There’s snow here now, and there has been for about a month. It was weird: unseasonably warm autumn with low squinty sun but comfortable afternoons on the porch, and 48 hours later there were nine inches of snow on the ground. Later this weekend we’re supposed to pick up another six inches or so. I think that’s cool. Last fall I was a little miffed – we’d had an anemic summer without any real heat and the snow came early. I felt cheated out of a season. This year, our last snow fell in late February. We had an almost unprecedented snowless March. I had our garden entirely planted by the first of May. Then September was dry, and October was warm enough to give us a second crop of heirloom tomatoes. This might be the longest I’ve gone (except when I lived in Eureka CA for a year) without trudging through snow. I can honestly say I’ve missed it.
I was prepared. I raked the yard, I drained the hose and shut off the spigot, I cleared out the garden. I was just waiting for mother nature to tell me I didn’t have any work to do outside for the next few months. The window boxes were all blank, and ready for a covering of reflective white insulation. In short, it was time to hibernate. This summer was awesome, it was long, it was hot, it was glorious, but now I had a new winter coat from Old Navy and a pantry full of canned vegetables and jams, and I was fully prepared to make the shift from grilling green and red things in a citrus marinade over flames to frying orange and brown things in animal fat over cast-iron.
Plastic went up on windows, salt went out on sidewalks, and Kev went into a warm bath. Seriously, if it’s going to get dark this early in the afternoon I’m going to put on pajamas and check out before dinner. And thank god I live in a place where such is possible. All summer I keep sandals on and stand in front of the grill until 9 P.M., but come November I can step into slippers and sink down into the LaZBoy at 5 when it gets dark and watch the news, or a movie, or all six seasons of The Sopranos (over the span of several weeks, of course).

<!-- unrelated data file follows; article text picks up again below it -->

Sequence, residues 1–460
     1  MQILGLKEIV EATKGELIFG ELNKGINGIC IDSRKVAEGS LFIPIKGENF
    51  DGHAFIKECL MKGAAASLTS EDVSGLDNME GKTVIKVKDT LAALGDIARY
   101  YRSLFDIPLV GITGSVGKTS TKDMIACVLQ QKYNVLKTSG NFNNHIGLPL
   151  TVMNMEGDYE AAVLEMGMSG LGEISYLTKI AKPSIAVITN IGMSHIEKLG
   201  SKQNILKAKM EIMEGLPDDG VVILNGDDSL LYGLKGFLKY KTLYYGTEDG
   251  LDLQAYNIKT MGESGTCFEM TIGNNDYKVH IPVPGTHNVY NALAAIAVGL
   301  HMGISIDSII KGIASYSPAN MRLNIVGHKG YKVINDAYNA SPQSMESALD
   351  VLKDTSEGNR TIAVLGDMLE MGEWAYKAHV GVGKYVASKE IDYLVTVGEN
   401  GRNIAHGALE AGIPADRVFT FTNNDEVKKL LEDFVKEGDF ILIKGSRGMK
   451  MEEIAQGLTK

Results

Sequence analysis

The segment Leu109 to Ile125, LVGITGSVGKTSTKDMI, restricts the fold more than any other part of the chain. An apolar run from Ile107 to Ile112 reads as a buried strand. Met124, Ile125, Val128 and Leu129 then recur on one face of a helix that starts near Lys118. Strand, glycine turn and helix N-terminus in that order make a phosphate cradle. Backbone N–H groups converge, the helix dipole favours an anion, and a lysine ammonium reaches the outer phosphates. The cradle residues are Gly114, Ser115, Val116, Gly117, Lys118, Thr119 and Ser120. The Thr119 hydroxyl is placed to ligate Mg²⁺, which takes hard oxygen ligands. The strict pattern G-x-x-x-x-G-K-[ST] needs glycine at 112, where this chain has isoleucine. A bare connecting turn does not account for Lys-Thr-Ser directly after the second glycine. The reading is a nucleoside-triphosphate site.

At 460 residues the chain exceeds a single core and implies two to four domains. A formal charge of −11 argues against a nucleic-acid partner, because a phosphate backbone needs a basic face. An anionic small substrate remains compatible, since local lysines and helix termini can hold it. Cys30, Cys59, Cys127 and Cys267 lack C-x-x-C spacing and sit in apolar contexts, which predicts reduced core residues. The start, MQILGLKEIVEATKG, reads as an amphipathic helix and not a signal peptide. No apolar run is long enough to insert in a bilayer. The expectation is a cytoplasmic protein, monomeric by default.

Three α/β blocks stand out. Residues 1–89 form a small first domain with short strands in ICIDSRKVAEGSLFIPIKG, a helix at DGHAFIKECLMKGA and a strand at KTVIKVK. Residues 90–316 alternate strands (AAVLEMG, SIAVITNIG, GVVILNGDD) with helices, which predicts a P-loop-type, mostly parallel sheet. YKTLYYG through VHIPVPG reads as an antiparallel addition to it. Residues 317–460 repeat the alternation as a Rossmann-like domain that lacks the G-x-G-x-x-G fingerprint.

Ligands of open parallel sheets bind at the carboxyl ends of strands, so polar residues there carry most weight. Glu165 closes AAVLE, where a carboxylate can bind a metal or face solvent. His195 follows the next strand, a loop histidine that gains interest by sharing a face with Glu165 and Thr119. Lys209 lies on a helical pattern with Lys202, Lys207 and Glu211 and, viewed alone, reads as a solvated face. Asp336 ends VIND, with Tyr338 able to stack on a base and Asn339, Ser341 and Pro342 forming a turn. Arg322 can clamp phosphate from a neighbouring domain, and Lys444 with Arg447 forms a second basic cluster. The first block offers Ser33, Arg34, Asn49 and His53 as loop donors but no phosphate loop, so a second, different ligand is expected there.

Since buying a house I’ve come to realize that this is an important time of year. And perhaps I’m getting ahead of myself with it, as well, for first must come the holidays. There’s shopping to be done, and family parties to attend, brittle and bark to be made, gifts to be wrapped, et al. There is really no relaxing, in the true hibernatory sense, until after the first of the year. However, the winding down of the outdoor activities and the battening down of the homestead for the impending winter is an essential first step.
The Earth itself will actually cocoon us into idleness if we let it, and after New Year’s Day I fully intend to let it. It’s one of the glories of this landscape: In the summer our workshop is the whole of the world (or the whole of our world, anyway), an immense expanse waiting to be subjugated and controlled by us in the form of lawns, gardens, parks, etc. In the winter our purview moves indoors to a smaller, more controlled, and more insular kingdom. My basement is finally going to be tamed, if only because it is my only habitable frontier for the foreseeable future. In the mean time, the raspberry sticks in the side yard will have free reign over the sidewalk because it’s cold and no one else would want to walk on it. I’m inside with a book, or a pie recipe, or a band saw and a blueprint. Eventually though, this house will bore me to tears. I love my house, but it is small, and doesn’t offer the kind of creative challenges I would enjoy. I will organize my basement, and repaint the bedroom, and want another canvas on which to work. With any luck, by then most of the snow will be gone and I will be able to move my operations back outdoors to rebuild the herb beds, expand the lettuce garden, shape the hedge just so, or adjust the boulevard garden for larger and more extravagantly humble stock. Anything to keep me busy and out of the house until I need to hibernate once more.